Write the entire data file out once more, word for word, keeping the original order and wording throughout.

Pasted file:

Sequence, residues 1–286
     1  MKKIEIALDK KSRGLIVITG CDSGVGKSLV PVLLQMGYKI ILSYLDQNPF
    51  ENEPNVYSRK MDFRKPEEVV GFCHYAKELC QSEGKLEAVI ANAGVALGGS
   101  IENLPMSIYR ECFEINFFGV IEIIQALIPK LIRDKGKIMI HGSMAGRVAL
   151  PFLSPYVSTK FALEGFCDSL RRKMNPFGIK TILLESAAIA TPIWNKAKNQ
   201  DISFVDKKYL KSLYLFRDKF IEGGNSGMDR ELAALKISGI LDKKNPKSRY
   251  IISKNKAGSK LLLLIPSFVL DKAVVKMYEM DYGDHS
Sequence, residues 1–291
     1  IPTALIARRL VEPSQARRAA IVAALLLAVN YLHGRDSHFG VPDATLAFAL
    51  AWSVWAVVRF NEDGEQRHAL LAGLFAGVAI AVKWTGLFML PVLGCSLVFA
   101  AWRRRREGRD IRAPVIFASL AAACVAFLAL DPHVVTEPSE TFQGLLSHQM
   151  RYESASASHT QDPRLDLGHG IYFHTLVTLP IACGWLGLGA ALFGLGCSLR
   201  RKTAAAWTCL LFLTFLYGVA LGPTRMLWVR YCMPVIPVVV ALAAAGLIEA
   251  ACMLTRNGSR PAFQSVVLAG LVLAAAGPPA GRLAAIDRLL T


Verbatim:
Sequence, residues 1–286
     1  MKKIEIALDK KSRGLIVITG CDSGVGKSLV PVLLQMGYKI ILSYLDQNPF
    51  ENEPNVYSRK MDFRKPEEVV GFCHYAKELC QSEGKLEAVI ANAGVALGGS
   101  IENLPMSIYR ECFEINFFGV IEIIQALIPK LIRDKGKIMI HGSMAGRVAL
   151  PFLSPYVSTK FALEGFCDSL RRKMNPFGIK TILLESAAIA TPIWNKAKNQ
   201  DISFVDKKYL KSLYLFRDKF IEGGNSGMDR ELAALKISGI LDKKNPKSRY
   251  IISKNKAGSK LLLLIPSFVL DKAVVKMYEM DYGDHS
Sequence, residues 1–291
     1  IPTALIARRL VEPSQARRAA IVAALLLAVN YLHGRDSHFG VPDATLAFAL
    51  AWSVWAVVRF NEDGEQRHAL LAGLFAGVAI AVKWTGLFML PVLGCSLVFA
   101  AWRRRREGRD IRAPVIFASL AAACVAFLAL DPHVVTEPSE TFQGLLSHQM
   151  RYESASASHT QDPRLDLGHG IYFHTLVTLP IACGWLGLGA ALFGLGCSLR
   201  RKTAAAWTCL LFLTFLYGVA LGPTRMLWVR YCMPVIPVVV ALAAAGLIEA
   251  ACMLTRNGSR PAFQSVVLAG LVLAAAGPPA GRLAAIDRLL T